And very simple people, very poor people that have nothing, obviously, on the guard level. I treated them with a tremendous amount of respect. And I think that that bought all of us, Marc, Tom, and I, a type of respect from those guerillas because we treated them very well. And several of them were very sympathetic to us and risked their lives to do things for us because we treated them like human beings.
CORLEY: You don't paint a very flattering picture of one of your fellow hostages, the former Colombian presidential candidate, Ingrid Betancourt. And you kind of describe her, well, you describe her as a back-biting hottie, a manipulative princess. Why did you describe her that way? And why do you think she was acting that way if that indeed was what was happening?
Mr. STANSELL: Well, let's face it. In Colombia, a country which I love a lot, there's also a class system and a certain social level, and we were with, you know, the country's elite, with congressmen and senators. So we've upset that hierarchy because we were not going to be any better or any worse than anybody else.
You know, Tom said something very eloquent very early on. He said Keith, I look up at a guard tower and 24 hours a day there's a guy with an AK-47 pointed at me. I've got another caretaker that tells me when to bathe, he tells me when to sleep and he tells me what to do. He said, I will not have another person dominate me here, nor try and use their influence to boss me around.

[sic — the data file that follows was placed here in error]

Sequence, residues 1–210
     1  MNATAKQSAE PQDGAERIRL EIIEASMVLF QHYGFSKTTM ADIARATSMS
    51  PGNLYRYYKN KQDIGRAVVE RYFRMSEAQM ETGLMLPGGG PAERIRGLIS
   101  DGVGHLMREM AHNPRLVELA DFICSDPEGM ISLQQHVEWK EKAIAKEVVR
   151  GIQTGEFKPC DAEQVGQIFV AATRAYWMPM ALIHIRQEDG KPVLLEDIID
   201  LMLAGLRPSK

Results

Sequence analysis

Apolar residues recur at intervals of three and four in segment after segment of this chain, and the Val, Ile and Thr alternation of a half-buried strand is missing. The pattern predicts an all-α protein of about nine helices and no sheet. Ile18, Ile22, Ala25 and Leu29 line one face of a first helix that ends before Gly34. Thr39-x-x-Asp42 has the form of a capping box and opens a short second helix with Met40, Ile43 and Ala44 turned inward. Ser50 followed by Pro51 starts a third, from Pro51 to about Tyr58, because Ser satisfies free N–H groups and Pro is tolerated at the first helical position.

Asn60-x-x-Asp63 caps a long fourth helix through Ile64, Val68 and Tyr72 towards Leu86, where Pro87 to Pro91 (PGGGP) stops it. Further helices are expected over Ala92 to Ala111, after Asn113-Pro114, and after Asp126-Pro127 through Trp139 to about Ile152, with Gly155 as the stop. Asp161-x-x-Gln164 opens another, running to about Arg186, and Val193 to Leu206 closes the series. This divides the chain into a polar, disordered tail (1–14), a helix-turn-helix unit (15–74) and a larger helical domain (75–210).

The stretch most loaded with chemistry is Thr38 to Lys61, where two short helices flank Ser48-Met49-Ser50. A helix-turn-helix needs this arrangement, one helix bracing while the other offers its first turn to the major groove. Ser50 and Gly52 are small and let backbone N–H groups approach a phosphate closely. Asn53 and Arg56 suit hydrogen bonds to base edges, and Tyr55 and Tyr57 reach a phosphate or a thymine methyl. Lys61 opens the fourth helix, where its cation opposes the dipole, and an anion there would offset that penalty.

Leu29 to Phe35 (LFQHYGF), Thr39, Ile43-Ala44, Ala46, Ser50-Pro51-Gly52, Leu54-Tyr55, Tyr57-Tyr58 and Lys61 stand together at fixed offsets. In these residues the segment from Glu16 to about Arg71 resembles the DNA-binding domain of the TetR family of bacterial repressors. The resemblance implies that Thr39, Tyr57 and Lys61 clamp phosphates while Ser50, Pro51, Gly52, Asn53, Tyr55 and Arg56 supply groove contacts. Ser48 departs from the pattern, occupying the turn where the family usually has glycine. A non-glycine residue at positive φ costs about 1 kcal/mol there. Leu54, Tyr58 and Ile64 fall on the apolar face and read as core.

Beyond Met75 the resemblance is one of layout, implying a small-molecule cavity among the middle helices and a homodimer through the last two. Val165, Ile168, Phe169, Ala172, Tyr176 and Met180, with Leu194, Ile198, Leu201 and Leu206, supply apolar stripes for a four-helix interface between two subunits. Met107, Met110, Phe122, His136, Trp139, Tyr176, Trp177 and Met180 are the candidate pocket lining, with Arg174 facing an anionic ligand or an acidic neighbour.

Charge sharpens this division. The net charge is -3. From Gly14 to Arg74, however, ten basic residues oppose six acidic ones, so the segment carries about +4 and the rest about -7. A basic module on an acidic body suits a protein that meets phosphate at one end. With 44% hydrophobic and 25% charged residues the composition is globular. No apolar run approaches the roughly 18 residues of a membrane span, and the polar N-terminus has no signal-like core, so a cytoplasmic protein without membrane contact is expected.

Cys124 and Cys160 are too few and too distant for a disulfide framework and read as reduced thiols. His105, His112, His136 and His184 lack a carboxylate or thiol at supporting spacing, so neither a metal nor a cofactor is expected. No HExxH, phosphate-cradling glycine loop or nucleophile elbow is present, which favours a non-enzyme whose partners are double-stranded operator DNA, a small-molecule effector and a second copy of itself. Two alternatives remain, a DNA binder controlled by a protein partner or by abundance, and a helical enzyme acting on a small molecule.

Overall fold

And that's really - the issue I have with her is that she was very self-fulfilling and very narcissistic. And thing that killed me is what I don't like is it may sound harsh and the point is not to attack someone, but when the other Colombian politicians came out of captivity, they've painted a picture of captivity that I never saw.
You know, they painted a picture of themselves that, you know, I never witnessed this. And something, you know, I look at myself every morning in the mirror and there are scars around my neck from where I wore chains, you know, I was chained up like a dog. I will not come out of captivity and have somebody else put chains on me and say hey, Keith, you can't talk about the bad stuff that happened. It doesn't work.
CORLEY: Because you're saying that's what the other ones did?
Mr. STANSELL: Oh, essentially that's what they did. They have absolutely created something. And, you know, I asked one of the politicians one time, it was actually Ingrid. I said, hey, Ingrid, you know, I said, what's going to happen when you get out of here for all of you guys? You're going to have to confront what you've done here. She said, no, I won't, Keith. She said we all have dirt on each other and no one will break the bond.